Facebook is no stranger to privacy-related controversy, and now a German court has ruled that the social networks' use of personal data is illegal. The court in Berlin also said that Facebook's default privacy settings violate German consumer law.
The case was brought by the federation of German consumer organisations (VZBV) which said Facebook failed to provide its users with sufficient information, and also that people were automatically opted into features.
While the ruling was handed down in the middle of last month, the court's judgement has only been made public today. The court said that a number of Facebook's terms of service, including its authentic name policy and data transmission policies, were illegal. In all, eight of Facebook's clauses were deemed unlawful. The court also said that having certain default settings in place did not constitute users giving consent to privacy related matters.
VZBV issued a statement saying:
In the Facebook app for smartphones, for example, a location service was pre-activated that reveals a user's location to people they are chatting to. In the privacy settings, ticks were already placed in boxes that allowed search engines to link to the user's timeline. This meant that anyone could quickly and easily find personal Facebook profiles.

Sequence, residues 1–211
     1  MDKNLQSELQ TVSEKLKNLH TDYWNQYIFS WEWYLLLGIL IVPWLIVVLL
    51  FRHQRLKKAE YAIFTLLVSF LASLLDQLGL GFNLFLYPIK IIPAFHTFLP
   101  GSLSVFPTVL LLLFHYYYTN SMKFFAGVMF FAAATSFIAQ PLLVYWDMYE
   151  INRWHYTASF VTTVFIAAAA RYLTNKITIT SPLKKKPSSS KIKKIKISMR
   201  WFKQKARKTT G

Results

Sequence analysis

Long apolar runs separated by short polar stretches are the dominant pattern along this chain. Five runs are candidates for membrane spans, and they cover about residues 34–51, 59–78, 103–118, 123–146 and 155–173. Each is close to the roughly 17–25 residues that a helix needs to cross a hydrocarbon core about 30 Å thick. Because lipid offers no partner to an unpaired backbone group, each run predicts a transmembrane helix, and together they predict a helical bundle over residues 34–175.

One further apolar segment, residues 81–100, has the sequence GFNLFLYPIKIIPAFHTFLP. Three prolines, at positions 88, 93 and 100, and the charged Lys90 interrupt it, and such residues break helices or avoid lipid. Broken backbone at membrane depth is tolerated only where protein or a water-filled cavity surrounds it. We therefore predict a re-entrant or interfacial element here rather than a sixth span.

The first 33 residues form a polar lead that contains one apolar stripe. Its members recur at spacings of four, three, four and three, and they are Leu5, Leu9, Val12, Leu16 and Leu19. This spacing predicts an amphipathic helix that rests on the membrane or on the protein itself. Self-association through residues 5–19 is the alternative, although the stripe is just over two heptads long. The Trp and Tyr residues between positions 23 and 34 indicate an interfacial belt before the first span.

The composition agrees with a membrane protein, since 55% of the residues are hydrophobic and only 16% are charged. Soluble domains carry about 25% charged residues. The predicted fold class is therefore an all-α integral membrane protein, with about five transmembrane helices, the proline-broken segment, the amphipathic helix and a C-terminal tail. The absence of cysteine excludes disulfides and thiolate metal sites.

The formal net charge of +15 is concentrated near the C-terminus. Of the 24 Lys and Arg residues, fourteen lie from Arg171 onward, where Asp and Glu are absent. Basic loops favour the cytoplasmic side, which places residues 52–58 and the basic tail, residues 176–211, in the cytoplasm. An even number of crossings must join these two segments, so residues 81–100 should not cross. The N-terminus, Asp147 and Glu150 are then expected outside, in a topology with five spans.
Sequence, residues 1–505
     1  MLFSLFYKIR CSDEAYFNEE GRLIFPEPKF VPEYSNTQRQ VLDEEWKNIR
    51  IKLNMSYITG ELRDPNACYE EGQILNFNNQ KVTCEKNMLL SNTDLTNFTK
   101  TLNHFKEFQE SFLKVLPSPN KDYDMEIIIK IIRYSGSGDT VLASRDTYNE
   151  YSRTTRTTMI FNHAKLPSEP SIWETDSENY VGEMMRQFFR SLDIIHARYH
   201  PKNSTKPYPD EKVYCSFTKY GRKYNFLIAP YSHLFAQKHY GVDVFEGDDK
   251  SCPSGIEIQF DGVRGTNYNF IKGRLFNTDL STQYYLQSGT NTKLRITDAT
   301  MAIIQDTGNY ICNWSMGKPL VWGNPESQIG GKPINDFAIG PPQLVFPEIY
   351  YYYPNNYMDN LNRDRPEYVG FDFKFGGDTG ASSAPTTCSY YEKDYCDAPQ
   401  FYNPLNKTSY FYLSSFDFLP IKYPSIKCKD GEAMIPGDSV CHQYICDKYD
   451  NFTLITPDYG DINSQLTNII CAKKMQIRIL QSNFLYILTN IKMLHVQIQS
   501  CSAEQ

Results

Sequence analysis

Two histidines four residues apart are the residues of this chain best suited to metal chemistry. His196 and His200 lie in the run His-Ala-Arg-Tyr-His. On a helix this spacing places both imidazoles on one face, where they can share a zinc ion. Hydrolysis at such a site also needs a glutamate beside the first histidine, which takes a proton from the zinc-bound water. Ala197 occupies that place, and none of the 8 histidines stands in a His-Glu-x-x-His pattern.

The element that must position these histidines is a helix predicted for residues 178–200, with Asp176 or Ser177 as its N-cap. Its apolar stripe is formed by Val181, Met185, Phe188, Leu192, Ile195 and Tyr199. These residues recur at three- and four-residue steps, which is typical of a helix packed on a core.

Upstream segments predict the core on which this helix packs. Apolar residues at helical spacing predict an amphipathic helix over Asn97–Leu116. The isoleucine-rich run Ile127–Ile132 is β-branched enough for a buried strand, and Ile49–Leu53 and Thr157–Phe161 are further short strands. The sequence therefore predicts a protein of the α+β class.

Heiko Duenkel, litigation policy officer at the VZBV, said: "Facebook hides default settings that are not privacy friendly in its privacy centre and does not provide sufficient information about it when users register. This does not meet the requirement for informed consent."
Facebook has already announced plans to overhaul its privacy policies, largely to comply with upcoming GDPR laws. But the company also issued a statement in response to the German ruling, saying it would appeal. The company added:
We are working hard to ensure that our guidelines are clear and easy to understand, and that the services offered by Facebook are in full accordance with the law.